Thursday, September 10, 2009


For the entire first year of her life, we were attached like a pair of koalas. She snuggled contentedly against my heart, her entire body wrapped in cloth against mine. Her tiny spirit was calmed by the rhythm of my life -- my breathing, the murmur of my heart.

As she grew, she slowly began to emerge from the chrysalis. First, her dimpled face and the impressive crown of thick black hair. Widened blue eyes blinked at the faces that smiled into her world. "Look at those eyes!" they said.

And then she was ready for kangaroo style. The little joey, still wrapped against mama, yet now facing away, facing toward the world. Arms were now free. Other hands touched hers. She reached beyond the chrysalis. "Look at those darling rubber band wrists!" they said.

I'd never thought of it in those terms. But yes, the irresistible rings around the chubby wrists did look something like the impression of a rubber band. I wondered when baby wrists lose their rings. I glanced at Aidan's. His were already gone. I determined to pay attention to my baby, to witness the transition into girlhood.

And then one day, she spread her iridescent wings and emerged completely. She toddled back to the chrysalis every once in a while for a snuggle, but she no longer depended on it. "Look at her walk!" they said. But I checked the chubby wrists, just to make sure.

The wrists were still chubby, but it was time to pack away the chrysalis. I gently folded the cloth that had bound us together and tucked it into a box.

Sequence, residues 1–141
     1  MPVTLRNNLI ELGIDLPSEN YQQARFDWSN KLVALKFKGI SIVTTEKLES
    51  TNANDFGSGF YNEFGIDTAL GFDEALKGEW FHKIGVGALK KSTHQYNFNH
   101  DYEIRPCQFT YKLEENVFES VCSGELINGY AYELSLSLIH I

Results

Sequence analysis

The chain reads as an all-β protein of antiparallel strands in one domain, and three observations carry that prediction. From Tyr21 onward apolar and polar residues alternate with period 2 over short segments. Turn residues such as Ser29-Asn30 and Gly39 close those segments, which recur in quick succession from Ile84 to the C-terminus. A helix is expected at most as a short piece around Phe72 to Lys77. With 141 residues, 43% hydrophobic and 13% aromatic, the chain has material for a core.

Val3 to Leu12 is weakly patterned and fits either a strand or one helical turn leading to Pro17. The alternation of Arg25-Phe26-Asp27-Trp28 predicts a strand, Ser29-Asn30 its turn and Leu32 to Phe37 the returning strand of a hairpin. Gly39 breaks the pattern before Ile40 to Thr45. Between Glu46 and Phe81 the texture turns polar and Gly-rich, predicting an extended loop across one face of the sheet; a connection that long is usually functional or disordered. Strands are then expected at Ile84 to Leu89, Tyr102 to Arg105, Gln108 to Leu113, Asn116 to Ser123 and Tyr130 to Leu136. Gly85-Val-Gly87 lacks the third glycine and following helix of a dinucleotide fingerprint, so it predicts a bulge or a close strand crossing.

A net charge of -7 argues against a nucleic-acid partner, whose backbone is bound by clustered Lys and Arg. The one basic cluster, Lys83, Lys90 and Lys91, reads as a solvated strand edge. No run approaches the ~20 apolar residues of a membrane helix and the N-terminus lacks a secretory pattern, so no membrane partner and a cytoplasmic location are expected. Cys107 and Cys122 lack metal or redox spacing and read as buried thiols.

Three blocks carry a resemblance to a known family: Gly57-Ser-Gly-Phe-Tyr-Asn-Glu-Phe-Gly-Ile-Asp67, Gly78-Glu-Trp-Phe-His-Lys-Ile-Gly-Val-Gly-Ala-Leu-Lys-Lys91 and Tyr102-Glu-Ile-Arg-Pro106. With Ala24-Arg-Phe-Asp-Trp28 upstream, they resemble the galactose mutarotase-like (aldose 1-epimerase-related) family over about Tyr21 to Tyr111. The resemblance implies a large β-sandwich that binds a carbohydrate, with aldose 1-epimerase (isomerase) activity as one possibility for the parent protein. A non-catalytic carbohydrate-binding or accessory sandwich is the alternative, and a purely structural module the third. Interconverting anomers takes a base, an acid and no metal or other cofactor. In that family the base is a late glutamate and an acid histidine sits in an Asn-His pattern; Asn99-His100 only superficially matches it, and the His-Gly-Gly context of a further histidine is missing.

Year three whirled by, my butterfly flitting hither and yon. The chubby wrists were decorated with flowing ribbons and streamers as the little ballerina danced before my eyes. "Look at her twirl!" they said. Yes, she could twirl.

One day, the butterfly said,"When will I be four, Mama?" And the mama said, "Very soon. It's almost time for you to be a big girl so you can help Auntie Krissie with her baby." The pink face beamed at the special responsibility.

And then she turned four. We sang, she blew out the candles. She demurred then glowed, and she hopped on her new bike. "Look at her go!" they said. She zipped around the neighborhood on her bright pink bike with her bright pink helmet and bright pink light-up shoes. Her long braids danced in the wake of childhood bliss.

She was tired. I wrapped my baby in a towel after the bath. She wore her new nightgown. We rested together in bed, and she snuggled contentedly against my heart. Her arm wrapped gently around my neck. My spirit was calmed by the rhythm of her life -- her breathing, the murmur of her heart. And then I saw it. Her wrists. My baby had become a girl.
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